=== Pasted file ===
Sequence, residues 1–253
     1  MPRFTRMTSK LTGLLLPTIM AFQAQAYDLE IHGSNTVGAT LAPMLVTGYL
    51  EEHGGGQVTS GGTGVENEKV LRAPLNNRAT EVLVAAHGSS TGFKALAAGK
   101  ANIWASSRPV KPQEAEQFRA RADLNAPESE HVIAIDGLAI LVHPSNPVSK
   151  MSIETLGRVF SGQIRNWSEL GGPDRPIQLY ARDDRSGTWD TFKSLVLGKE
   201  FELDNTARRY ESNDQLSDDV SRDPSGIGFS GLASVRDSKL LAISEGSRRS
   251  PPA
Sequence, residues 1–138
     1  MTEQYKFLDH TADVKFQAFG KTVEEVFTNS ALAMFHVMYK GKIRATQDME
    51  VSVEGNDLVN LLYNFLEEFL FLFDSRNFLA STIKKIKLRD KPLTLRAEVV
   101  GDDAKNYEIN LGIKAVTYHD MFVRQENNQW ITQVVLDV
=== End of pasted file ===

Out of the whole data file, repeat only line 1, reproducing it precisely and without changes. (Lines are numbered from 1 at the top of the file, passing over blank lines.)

Sequence, residues 1–253